Re: And that was different than Resource fork/extended attributes how?
I never quite understood how WinFS was different than, say, extended attributes in ext or XFS or ... , or different than the resource fork in the older Mac file systems.
Well, for one thing, WinFS included schemas. Part of the idea with WinFS was to provide some metadata for that metadata, so the metadata would be applied consistently, and applications wouldn't have to have a bunch of special rules for every file format invented by every programmer.
Beyond that, WinFS was built on RDBMS underpinnings and so would, in theory, have included database features like ACID processing, journals for recovery processing, etc.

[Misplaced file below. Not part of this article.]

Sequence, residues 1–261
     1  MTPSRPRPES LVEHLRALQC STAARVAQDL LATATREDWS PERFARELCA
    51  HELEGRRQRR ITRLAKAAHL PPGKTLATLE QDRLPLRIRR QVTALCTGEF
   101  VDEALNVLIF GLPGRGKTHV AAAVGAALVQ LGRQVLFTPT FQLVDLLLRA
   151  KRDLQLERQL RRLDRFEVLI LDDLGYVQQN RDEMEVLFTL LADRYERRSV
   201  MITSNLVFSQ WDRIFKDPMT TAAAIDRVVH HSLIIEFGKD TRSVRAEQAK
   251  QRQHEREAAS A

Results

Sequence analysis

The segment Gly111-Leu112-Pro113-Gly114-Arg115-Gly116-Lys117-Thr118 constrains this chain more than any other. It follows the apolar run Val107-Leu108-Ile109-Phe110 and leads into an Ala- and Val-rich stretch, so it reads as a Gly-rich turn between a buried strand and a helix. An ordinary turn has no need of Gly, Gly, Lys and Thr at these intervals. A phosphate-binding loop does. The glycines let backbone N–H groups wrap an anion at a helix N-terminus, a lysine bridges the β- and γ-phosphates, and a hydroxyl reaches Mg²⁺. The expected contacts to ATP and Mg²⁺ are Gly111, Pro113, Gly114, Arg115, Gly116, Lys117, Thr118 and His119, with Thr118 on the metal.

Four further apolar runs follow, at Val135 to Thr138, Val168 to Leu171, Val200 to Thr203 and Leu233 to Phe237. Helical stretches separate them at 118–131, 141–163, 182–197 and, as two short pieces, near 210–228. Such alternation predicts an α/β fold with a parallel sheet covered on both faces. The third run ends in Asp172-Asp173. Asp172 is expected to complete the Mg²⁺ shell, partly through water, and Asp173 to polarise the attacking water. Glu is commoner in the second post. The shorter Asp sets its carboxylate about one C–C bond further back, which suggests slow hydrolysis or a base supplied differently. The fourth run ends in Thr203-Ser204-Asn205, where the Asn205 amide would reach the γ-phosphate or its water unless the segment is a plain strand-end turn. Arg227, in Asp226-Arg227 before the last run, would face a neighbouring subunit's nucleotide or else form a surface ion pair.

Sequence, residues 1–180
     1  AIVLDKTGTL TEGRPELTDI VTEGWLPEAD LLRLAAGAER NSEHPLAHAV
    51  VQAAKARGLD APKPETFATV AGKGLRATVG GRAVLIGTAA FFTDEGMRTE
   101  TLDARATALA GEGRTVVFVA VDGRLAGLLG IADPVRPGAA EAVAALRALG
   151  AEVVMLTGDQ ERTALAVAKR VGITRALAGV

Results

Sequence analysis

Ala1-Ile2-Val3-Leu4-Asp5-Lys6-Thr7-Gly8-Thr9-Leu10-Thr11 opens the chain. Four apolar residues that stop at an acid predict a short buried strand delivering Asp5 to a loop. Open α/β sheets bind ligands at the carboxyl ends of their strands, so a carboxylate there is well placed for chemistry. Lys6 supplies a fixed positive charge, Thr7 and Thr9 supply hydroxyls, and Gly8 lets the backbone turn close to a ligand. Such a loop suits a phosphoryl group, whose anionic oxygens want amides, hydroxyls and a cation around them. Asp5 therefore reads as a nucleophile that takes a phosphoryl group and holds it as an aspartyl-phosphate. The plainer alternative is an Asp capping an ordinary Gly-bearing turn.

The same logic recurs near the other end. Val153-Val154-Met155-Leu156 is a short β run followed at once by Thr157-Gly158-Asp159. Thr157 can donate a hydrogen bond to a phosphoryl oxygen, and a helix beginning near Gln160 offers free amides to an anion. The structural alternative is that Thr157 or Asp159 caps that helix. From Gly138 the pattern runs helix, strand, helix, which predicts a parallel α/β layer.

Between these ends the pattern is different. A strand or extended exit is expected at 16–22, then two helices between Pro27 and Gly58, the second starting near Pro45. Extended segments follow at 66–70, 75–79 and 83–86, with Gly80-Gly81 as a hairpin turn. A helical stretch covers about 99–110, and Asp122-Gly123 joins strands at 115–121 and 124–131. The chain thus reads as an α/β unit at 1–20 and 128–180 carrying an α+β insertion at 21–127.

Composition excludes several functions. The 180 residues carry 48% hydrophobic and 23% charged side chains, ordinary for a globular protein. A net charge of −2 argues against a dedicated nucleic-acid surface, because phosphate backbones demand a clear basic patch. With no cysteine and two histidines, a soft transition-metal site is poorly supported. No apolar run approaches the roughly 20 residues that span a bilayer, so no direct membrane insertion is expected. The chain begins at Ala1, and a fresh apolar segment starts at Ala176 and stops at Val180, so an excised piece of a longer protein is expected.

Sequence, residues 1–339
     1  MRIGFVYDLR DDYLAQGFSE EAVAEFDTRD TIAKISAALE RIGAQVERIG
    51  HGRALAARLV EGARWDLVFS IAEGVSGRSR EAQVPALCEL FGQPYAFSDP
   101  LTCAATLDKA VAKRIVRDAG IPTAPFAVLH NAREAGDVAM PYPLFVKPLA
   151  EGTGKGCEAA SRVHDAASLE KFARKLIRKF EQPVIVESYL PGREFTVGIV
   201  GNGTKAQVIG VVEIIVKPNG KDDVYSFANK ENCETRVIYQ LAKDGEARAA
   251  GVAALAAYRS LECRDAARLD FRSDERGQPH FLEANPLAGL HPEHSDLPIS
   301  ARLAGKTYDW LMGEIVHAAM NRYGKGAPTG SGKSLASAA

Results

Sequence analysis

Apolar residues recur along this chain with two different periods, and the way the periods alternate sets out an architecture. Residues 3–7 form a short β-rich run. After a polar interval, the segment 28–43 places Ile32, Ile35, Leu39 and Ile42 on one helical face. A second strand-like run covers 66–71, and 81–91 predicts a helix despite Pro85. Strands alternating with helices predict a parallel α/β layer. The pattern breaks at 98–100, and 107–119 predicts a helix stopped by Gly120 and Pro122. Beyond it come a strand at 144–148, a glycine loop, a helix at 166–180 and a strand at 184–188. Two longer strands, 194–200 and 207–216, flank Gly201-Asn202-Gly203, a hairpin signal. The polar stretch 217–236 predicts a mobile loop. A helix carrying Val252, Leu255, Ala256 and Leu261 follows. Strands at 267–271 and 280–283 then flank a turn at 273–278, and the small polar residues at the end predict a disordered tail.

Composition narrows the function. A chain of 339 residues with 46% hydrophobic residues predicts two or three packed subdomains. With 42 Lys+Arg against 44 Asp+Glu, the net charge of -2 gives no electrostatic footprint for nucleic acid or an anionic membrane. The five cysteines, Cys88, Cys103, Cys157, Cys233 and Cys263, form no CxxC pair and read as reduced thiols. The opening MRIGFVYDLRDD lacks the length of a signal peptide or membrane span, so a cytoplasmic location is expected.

Note that OS/2 had extended attributes long before ext2 was a gleam in Card's eye. Windows NT inherited EA support for FAT and HPFS filesystems from OS/2, and for NTFS (which is what essentially all Windows systems use now), they're supported via alternate streams, which is a more general alternative to both EAs and the Mac OS resource-fork feature. So Windows already had the equivalent to both the resource fork and extended attributes when WinFS was announced, and indeed had them for most or all of the Project Cairo timeframe (depending on how exacting you want to be about specifics).
So the WinFS team already knew all about simple metadata attachment. Microsoft has long used alternate streams for things like extended file properties - the feature that lets Explorer show the title of an Office document, for example. They were building something quite different.
 Or schemata, if you prefer.